How the Commercial Rent Arrears Recovery scheme (CRAR) can help you recover rent arrears

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How the Commercial Rent Arrears Recovery scheme (CRAR) can help you recover rent arrears

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A commercial tenant who fails to pay quickly moves from an inconvenience to a risk to your business. You need to recover what is due to you quickly, cheaply and with the minimum of interruption to your own business. CRAR can offer a fast, easy out-of-court solution, although it is not without limitations.

When can CRAR be used?


CRAR does not apply to leases of mixed residential/commercial properties – any permitted use of the property for residential purposes will prevent the exercise of CRAR.


An already agreed lease is excluded. The lease must be, at least, "evidenced in writing".


A key limitation is that CRAR may only be used to recover "pure rent" and interest and VAT thereon. It cannot be used to pursue arrears of service charge, insurance, maintenance et cetera even if these sums are described as being "reserved as rent" under the lease.


Finally, at least seven days' rent must be owing both at the date notice of enforcement is given and at the date goods are seized.


How is CRAR exercised?


Once we are instructed, we will prepare and submit an application to a certified enforcement agent to exercise CRAR on your behalf. An initial notice of enforcement is then served on your tenant.


If your tenant fails to pay following receipt of the notice, an enforcement agent will attend at the property and may seize goods belonging to the tenant to recover the rent arrears. These items may then be sold at auction to raise funds to pay both the arrears and the Enforcement Agent's costs.


How effective is CRAR?


The key disadvantage of CRAR is that it lacks the element of surprise (the notice of enforcement gives the tenant at least seven days' warning that an Enforcement Agent will be visiting its property).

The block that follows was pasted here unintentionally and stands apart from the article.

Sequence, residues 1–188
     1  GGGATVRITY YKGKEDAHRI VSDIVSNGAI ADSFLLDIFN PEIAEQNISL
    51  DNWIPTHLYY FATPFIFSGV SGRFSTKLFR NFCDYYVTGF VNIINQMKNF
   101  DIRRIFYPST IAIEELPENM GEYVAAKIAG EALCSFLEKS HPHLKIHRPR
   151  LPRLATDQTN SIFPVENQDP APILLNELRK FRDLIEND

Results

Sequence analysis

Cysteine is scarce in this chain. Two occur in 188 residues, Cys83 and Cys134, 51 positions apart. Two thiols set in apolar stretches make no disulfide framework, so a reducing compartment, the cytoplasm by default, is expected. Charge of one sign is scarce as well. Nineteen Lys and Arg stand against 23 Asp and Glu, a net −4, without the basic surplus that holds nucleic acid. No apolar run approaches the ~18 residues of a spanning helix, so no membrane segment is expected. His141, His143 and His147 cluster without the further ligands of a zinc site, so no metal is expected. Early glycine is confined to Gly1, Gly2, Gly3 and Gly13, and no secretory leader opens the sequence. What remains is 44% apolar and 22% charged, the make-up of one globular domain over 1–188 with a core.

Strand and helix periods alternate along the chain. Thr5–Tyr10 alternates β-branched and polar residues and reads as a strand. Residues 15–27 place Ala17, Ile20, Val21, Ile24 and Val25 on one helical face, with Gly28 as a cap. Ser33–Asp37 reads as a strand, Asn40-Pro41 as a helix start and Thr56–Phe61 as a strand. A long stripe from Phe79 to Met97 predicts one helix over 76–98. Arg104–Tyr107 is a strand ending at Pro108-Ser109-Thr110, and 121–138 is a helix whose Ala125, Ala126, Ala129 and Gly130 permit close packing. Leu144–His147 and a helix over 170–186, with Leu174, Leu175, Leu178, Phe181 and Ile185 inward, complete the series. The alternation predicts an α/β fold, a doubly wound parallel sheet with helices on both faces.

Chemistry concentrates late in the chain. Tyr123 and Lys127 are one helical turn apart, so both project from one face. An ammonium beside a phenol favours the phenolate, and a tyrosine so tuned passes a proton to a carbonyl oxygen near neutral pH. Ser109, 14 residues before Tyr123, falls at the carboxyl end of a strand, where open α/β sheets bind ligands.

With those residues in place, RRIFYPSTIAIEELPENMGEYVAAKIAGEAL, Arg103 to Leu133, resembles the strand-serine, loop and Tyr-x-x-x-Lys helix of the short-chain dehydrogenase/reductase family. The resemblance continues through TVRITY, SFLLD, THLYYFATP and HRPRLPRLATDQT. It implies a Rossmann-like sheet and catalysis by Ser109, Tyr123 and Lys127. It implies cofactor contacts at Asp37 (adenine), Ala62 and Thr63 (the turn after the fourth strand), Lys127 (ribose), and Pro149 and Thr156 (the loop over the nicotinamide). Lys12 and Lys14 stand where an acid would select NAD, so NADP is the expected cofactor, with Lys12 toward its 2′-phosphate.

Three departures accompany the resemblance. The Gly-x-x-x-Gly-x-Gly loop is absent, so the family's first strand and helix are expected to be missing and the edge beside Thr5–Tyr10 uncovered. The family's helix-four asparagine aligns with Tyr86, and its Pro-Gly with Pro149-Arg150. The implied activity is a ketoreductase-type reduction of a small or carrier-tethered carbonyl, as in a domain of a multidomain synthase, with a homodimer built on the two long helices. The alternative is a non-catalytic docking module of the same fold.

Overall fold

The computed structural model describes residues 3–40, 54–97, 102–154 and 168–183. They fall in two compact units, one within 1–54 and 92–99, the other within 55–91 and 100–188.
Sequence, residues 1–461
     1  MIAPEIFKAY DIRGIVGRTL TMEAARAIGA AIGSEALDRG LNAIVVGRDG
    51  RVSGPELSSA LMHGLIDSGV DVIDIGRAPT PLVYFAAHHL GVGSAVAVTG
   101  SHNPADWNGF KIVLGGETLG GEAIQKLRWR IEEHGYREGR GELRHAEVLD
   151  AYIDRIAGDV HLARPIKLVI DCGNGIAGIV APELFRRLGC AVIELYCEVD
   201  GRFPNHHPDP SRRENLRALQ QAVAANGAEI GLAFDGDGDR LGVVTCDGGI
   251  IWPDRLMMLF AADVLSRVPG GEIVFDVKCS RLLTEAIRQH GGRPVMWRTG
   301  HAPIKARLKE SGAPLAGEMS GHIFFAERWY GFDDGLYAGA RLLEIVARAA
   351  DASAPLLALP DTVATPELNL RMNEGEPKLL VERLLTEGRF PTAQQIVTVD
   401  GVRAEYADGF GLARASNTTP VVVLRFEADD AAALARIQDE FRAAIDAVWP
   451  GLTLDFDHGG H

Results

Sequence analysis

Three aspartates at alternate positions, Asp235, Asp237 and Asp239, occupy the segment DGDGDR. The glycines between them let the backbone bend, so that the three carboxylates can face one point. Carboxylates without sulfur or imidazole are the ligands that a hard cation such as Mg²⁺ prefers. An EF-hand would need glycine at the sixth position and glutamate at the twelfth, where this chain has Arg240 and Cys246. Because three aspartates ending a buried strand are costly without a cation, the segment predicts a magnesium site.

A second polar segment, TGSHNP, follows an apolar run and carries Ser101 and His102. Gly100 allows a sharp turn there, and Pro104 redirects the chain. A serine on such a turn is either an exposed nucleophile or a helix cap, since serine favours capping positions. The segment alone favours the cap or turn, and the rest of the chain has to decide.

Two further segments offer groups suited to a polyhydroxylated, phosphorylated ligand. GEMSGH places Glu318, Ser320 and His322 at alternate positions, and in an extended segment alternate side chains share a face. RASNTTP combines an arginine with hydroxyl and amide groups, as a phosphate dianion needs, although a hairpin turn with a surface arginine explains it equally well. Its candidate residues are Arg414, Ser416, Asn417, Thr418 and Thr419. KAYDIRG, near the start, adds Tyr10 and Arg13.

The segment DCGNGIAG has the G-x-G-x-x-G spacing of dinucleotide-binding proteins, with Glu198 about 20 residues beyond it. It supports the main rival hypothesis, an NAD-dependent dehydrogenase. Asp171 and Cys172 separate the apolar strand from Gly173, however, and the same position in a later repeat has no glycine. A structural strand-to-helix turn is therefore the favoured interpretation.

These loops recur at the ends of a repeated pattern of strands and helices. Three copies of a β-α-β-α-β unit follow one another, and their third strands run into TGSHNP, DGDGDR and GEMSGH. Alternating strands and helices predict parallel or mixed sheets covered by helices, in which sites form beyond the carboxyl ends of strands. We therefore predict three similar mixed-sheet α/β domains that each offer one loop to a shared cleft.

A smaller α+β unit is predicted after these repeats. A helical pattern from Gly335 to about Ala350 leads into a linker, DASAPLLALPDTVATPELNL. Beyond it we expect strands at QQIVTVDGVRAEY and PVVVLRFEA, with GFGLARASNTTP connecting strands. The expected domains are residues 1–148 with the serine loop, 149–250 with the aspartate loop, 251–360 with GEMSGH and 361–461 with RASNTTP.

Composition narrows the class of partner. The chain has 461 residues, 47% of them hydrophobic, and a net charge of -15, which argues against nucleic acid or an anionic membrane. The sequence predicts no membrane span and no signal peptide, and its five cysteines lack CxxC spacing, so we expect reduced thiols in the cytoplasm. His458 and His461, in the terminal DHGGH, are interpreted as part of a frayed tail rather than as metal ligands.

However, in our experience, the vast majority of tenants faced with CRAR either make payment in full or agree a repayment plan with their landlord before their goods are actually taken away. Many tenants will be deeply concerned about the adverse effect on their business of an enforcement agent turning up and will be keen to avoid their staff and customers finding out that they are behind on their rent.


Whilst CRAR has its limitations, we consider that this often unknown remedy does offer commercial landlords a quick and easy out-of-court route to recover rental arrears.


If you would like further advice on the exercise of CRAR or in relation to the other rights available to you in the face of a defaulting tenant (including recovering possession of your property), please contact Gail Morris

The content of this webpage is for information only and is not intended to be construed as legal advice and should not be treated as a substitute for specific advice. PDT Solicitors LLP accepts no responsibility for the content of any third party website to which this webpage refers.

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